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In memory of Doreen Feeney

Funeral Doreen Feeney b Large Web view

Celebrant Very Reverend Canon Gerry Powell PP

We gather here today in sadness with the family of Doreen Feeney. Our thoughts are for you. We ask God to send his Holy Spirit to bring his peace to your hearts and to your homes. We give thanks to God for the long life that he gave Doreen and pray in faith that he will welcome her home to everlasting happiness in heaven.

Holding a wake for Doreen, her family has shared memories of who she was and what she meant to them. We mourn her passing, we cherish her memory. Above all you have remembered the humanity of a good person. Today as we gather in sorrow to remember Doreen. A burden of pain, burden of loss, burden of grief weighs heavily on you all. We gather as a community - our presence here today is our way of reaching out to the Feeney family.

Doreen was born in 1935 in Chapmans Row, Banbridge, to Winnie and Billy Diamond. She was the eldest of  17 children. She was a pupil at the Old Chapel School in Dromore Street, where she showed an aptitude for literature and had dreams of becoming a teacher.

Her upbringing was  tough and in many respects almost Dickensian. Her family lived in a tiny house with no luxury and food was so often scarce. She was sent out to work from the age of 9 cleaning houses before and after school. She also took on the responsibility of looking  after her many siblings, whom she loved and cared for like a second mother.

She wrote poetry from early childhood, encouraged by her mother who was an avid reader and from whom she inherited her love of literature. She had her first poem published when she was 11 years old.

Despite her aspirations to be a teacher, like many of her peers,  she had no choice but to leave school at the age of 14 .  She began work as a weaver in Brookfield , Ballydown.

She met her future husband John Michael Feeney at Tullylish Gaelic club, Laurencetown, when she was 17. He secured her attention by stinging her with nettles and throwing stones at her….this obviously worked as they married on the 13 June 1953 and spent their honeymoon at the Clarence Hotel in Dublin.

They began married life in a little gate lodge in Hallsmill and went on to have 10 children, two of whom sadly died in infancy, Collette and Michael.  She went on to have Arlene, Jimmy, Alan, Cindy, Peter, Maria, Declan and Michelle.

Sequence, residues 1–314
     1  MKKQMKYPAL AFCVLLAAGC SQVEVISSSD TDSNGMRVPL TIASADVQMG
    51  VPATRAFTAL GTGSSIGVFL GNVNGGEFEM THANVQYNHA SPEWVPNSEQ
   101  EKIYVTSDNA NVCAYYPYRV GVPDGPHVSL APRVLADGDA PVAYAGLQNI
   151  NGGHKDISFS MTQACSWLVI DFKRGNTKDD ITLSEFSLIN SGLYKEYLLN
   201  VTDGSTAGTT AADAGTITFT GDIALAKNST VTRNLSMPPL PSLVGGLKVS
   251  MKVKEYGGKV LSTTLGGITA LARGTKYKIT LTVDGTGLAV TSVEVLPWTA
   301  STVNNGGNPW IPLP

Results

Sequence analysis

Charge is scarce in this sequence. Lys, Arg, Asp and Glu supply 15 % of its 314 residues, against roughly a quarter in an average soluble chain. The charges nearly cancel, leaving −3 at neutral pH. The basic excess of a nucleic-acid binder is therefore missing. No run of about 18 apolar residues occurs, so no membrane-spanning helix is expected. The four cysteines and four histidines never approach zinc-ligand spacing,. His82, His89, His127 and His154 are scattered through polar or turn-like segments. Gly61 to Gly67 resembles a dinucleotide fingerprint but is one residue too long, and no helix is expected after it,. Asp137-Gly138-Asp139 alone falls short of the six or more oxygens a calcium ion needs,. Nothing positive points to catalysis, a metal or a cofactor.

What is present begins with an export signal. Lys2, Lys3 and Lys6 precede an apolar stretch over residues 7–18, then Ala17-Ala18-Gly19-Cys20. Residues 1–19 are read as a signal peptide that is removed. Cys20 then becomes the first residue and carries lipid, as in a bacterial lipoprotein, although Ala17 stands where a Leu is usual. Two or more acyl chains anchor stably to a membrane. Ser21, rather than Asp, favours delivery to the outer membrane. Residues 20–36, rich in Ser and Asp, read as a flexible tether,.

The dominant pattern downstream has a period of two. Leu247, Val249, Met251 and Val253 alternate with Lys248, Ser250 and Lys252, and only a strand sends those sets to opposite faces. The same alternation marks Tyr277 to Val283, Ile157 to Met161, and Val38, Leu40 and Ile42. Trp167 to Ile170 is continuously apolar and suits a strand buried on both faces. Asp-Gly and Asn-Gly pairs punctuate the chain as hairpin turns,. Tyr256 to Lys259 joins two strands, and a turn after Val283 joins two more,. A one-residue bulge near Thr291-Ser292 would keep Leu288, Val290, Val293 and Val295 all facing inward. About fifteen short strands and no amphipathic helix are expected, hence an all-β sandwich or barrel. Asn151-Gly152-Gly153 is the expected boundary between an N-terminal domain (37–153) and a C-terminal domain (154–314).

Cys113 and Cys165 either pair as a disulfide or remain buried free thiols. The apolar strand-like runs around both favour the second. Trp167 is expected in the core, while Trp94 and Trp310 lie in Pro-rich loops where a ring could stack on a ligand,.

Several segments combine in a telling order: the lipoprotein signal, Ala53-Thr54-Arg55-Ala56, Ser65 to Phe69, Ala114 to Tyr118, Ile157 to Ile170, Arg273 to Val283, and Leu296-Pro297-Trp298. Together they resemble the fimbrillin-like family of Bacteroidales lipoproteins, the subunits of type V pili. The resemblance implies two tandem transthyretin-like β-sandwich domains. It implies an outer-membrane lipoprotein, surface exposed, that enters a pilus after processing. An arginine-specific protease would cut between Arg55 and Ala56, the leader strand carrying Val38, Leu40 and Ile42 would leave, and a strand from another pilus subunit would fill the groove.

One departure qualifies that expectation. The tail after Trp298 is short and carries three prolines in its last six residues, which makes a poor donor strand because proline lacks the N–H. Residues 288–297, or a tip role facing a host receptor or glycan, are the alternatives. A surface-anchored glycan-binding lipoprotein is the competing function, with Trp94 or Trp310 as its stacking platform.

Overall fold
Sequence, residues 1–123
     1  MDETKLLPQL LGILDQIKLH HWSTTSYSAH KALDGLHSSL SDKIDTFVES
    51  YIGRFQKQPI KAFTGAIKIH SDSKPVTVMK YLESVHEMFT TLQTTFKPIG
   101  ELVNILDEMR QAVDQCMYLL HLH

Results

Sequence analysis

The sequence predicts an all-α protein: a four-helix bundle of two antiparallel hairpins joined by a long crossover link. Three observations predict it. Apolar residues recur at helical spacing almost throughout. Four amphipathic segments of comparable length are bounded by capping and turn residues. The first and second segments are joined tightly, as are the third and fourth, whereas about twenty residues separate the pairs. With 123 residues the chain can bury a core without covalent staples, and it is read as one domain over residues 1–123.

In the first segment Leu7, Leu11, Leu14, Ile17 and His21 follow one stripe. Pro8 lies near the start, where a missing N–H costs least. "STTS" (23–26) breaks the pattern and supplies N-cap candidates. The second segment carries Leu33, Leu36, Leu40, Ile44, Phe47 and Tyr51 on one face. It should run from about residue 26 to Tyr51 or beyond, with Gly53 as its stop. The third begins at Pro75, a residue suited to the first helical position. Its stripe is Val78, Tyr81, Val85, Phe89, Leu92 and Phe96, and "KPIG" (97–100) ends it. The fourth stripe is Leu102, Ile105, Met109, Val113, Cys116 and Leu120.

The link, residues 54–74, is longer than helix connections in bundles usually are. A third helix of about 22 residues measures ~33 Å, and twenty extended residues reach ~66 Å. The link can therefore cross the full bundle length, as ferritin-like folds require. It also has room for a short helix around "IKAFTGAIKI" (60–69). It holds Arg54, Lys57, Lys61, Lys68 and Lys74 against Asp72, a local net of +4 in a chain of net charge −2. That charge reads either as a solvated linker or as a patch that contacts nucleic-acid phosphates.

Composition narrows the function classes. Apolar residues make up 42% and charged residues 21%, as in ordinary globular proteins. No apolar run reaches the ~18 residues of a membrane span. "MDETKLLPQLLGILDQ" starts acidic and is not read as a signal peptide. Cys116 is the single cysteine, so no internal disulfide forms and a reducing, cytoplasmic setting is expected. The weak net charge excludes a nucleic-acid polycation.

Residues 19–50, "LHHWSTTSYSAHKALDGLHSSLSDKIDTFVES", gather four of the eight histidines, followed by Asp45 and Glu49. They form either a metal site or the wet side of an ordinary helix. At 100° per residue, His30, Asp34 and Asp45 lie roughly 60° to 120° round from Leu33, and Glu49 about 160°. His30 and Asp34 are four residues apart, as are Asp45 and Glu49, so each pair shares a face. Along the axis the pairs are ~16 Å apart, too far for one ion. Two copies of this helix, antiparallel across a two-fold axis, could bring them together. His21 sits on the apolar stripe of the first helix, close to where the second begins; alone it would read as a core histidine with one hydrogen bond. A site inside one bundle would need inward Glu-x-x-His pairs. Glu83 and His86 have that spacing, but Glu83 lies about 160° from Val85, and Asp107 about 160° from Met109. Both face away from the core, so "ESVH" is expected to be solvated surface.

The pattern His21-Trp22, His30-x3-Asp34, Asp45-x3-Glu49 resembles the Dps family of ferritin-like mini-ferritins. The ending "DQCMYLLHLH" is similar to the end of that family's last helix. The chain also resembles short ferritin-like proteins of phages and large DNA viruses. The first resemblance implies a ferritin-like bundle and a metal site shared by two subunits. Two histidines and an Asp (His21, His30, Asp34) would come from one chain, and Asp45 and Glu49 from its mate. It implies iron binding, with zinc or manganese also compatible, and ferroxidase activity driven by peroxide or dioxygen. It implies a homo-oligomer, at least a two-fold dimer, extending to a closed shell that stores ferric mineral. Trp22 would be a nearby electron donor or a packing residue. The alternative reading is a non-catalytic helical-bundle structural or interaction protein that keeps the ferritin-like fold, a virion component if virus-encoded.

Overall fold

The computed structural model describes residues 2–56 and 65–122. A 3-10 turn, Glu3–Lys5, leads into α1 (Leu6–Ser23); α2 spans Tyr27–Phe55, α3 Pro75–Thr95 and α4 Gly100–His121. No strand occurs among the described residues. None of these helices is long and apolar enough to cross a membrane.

In 1975, her husband was murdered in the troubles leaving her to look after  8 children, the youngest being  4 years old. Despite the hardship that this brought, she fought on and remained a constant rock for her family, never losing her wicked sense of humour.

Her love of poetry continued over the years and she had poems featured in various books and magazines, on Radio Ulster and RTE Live at 3. She also published two books of poetry; one in 1996 (Dreams and Things) and another in 2014 (Something Old Something New). She was the finalist at the “Bard of Armagh” poetry competition for her poems “Bachelor Pat” and “Hirsute woman” and also regularly recited to local groups.

In later years, she travelled to America and Europe and went on various coach trips throughout the British Isles with her friend Kathleen Campbell. She also took up painting classes and produced one or two rather stunning pieces that she was immensely proud of.

Doreen was a woman of great religious faith, which gave her much fortitude in the many dark times she faced in her life. She used to say iron must go through fire to become steel and she was, but beneath it all she had a heart of gold. She was a loving mother, sister, grandmother and great-grandmother.

She leaves her 6 remaining children, 26 grandchildren and 27 great-grandchildren

We remember a lovely person, a lady who was a treasure to you all. Letting go of her today is not going to be easy, for Doreen was a great lover of family, people and life itself. Thank you to all who cared for her and loved her in life. Now her long years of sacrifice and recent suffering with the loss of Jimmy and Arlene are over.

As Doreen has died now a part of you dies as well. You are filled with sorrow because her death leaves a gap that no-one else can fill adequately. When we remember her today we cannot help recalling the things she said and the way she said them, the things she did and her way of doing them but sadness is tinged with hope and expectation. We pray that she is with the Lord and we look forward to the day when we will be reunited with her. Christ’s resurrection assures us that if we follow him we will rise again. It is only with death that life really makes sense, it’s our leap into eternity, it is God calling us home to be with him forever. At a time like this we come face to face with our own mortality.

Living a truly Catholic life is about waiting in hope and as people of hope we believe in the resurrection of the dead and the life of the world to come. Doreen’s period of waiting is now over. No one can say she got life easy. All those years of worry, loneliness and sorrow and rearing a large family when times were hard have made of her life a pilgrimage of pain - a journey from birth to death and the reason she could see purpose in the pain or sense in the suffering was because Jesus Christ came on this earth to conquer death and save us from our sins.

She died after her strength could no longer meet the challenge of life. Today then we bid farewell to Doreen. Despite your sense of loss, you will face the future with courage and hope, knowing that that is what your mummy would want you to do. We comfort one another in the sure confidence that for Doreen life has changed, not ended. We also derive comfort from the conviction that she is at peace with God. May her gentle soul rest in peace.

 

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